Stocks of Central Government and Central Government-Guaranteed Debt6Dec. 2004Feb. 2005QQQ
External Current Account Balance3/31/066/30/06QQQ
Exports and Imports of Goods and ServicesApr. 2005Jul. 2005QQQ
GDP/GNPQ1 2006Jul. 2006QQQ
Gross External Debt3/31/06MMM

Daily (D); Weekly (W); Monthly (M); Bi-monthly (B); Quarterly (Q); Annually (A); Irregular (I); Not Available (NA).

Includes reserve assets pledged or otherwise encumbered as well as net derivative positions.

Both market-based and officially-determined, including discount rates, money market rates, rates on treasury bills, notes and bonds.

Foreign, domestic bank, and domestic nonbank financing.

The general government consists of the central government (budgetary funds, extra budgetary funds, and social security funds) and state and local governments.

Including currency and maturity compositio

Daily (D); Weekly (W); Monthly (M); Bi-monthly (B); Quarterly (Q); Annually (A); Irregular (I); Not Available (NA).

Includes reserve assets pledged or otherwise encumbered as well as net derivative positions.

Both market-based and officially-determined, including discount rates, money market rates, rates on treasury bills, notes and bonds.

Foreign, domestic bank, and domestic nonbank financing.

The general government consists of the central government (budgetary funds, extra budgetary funds, and social security funds) and state and local governments.

Including currency and maturity compositio

The Staff Report for the 2005 Article IV Consultation covered this period in more detail.

In 2006, interest payments are expected to rise by 0.7 percent of GDP, because of higher domestic interest rates as well as a change in the accounting of interest payments adopted at the time of the second review.

Ecopetrol has a monopoly on local production and sales of petroleum products, and sells diesel and regular gasoline at well below international wholesale prices. For the past few years, the government has been raising the retail and wholesale prices of these products in real terms, although more slowly than the rise in world oil prices. In August 2006, it sold regular gasoline at 70 percent and diesel at 50 percent of the international wholesale price. In 2005, these subsidies cost Ecopetrol 1.7 percent of GDP in foregone revenues.

Under this rule, the BR writes options to sell (buy) foreign exchange of up to US$180 million when the peso depreciates (appreciates) by more than 2 percent from its 20-day moving average.

By January 2006 equity prices had almost quadrupled since mid-2004 and yields on government securities had declined to about 6 percent. There was a growing presence of highly leveraged purchases of equity. The stock exchange recently took several steps to limit the degree of leverage.

The BR estimates that a 200 basis point rise in the yield curve would produce losses equivalent to one-third of 2005 banks’ profits.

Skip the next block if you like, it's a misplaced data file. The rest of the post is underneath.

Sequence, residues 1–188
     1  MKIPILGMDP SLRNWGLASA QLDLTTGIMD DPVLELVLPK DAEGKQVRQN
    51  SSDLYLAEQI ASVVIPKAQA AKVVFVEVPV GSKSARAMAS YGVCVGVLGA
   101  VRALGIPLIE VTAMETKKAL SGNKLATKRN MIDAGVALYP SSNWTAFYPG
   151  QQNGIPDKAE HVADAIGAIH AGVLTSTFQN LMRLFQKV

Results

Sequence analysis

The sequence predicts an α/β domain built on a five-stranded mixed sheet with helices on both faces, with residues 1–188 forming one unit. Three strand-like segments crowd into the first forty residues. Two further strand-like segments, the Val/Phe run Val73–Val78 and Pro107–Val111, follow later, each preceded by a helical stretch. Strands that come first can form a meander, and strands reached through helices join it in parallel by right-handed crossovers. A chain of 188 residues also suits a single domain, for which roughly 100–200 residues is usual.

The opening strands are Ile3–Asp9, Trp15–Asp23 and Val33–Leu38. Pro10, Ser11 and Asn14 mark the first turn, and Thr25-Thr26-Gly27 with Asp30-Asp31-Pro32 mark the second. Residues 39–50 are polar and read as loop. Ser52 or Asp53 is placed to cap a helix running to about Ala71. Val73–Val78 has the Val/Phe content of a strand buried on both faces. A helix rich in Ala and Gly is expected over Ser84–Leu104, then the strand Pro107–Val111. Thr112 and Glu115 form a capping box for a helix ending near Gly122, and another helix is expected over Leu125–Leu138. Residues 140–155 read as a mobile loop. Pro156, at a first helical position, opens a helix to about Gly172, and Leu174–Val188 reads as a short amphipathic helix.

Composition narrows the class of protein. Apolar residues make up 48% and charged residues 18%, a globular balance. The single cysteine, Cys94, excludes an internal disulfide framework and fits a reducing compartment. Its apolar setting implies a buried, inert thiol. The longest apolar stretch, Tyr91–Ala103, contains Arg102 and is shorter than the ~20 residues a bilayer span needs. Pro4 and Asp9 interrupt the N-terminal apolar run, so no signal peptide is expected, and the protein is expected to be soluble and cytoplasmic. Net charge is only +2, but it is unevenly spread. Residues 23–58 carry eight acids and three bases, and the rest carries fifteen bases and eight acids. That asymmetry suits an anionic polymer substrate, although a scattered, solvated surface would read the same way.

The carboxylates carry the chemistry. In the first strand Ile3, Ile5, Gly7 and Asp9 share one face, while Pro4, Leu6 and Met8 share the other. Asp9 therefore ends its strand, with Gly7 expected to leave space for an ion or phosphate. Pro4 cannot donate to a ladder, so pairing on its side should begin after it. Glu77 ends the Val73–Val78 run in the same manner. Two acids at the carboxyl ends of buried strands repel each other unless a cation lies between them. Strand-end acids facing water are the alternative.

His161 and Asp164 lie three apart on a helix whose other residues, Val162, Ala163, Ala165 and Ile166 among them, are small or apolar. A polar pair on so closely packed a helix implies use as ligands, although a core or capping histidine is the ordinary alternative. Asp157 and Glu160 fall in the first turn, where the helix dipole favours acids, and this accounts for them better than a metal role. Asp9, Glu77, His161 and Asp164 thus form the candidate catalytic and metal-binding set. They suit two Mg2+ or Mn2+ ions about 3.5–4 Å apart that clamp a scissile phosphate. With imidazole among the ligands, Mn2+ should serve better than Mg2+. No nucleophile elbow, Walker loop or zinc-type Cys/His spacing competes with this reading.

The government presents this framework to congress in June of each year, as required by the Fiscal Responsibility Law.

If world oil prices were to decline by US$10 per barrel relative to the authorities’ projection, the operating surplus of Ecopetrol would fall by an estimated 0.1–0.2 percent of GDP.

The scenario assumes a slower drawing down of deposits than assumed by the authorities, as these deposits offer only limited flexibility in financing the CPS deficit. Many of the deposits are held by Ecopetrol or local and regional governments or represent earmarked revenues.

A recent OECD study finds that FTT’s do not provide a reliable source of revenue over the medium term, as evasion grows over time and rises by more than increases in the tax rate. It also points to evidence of financial disintermediation caused by the FTT. See Baca-Campodonico, J., L. de Mello and A. Kirilenko (2006), “The Rates and Revenue of Bank Transaction Taxes,” OECD Economics Department Working Papers, No. 494.

The proposal also allows for some faster real growth in transfers if real GDP rises by more than 4 percent.

In 2004, ISA—an electricity distribution company where the government owns 60 percent of the shares—was deemed by the Fund to be commercially run and was removed from the program definition of the public sector. Thus its investment was not constrained to help achieve a target for the CPS deficit.

These steps are fully explained in Chapter [-] of the selected Issues Papers.

See Chapter 2 of the Selected Issues Papers.

A Banco de la República study found that the foreign exchange purchases slowed the appreciation of the peso. However, these purchases raised the volatility of the peso, most likely because the market believed the central bank would never subordinate its inflation objective to concerns about the exchange rate. See Toro, Jorge and Juan Manuel Julio, “Efectividad de la Intervencion Discrecional del Banco de la República en el Mercado Cambiaro,” Borradores de Economia, No. 336, Banco de la República, 2005.

See Chapter 3 of the Selected Issues Paper.

See Chapter 4 of the Selected Issues Paper.

Toro, Jorge et. al. “El Impacto del Tratado de Libre Comer cio con Estados Unidos (TLC) en la Balanza de Pagos Hasta 2010,” Borradores de Economia, No. 362. Banco de la República, 2006. Schott, Jeffrey ed., Trade Relations between Colombia and the United States, Policy Analyses for International Economics, No. 79, Institute for International Economics, August, 2006.

The restrictions are described in the Fund Relations Appendix.

Prepared by World Bank staff. Questions may be addressed to Mr. David Rosenblatt, Lead Economist, at (202) 473-7930 or drosenblatt@worldbank.org.

Prepared by IADB staff. Questions may be addressed to Mr. Kim B. Staking, Country Economist, at (202) 623-3003 or kims@iadb.org.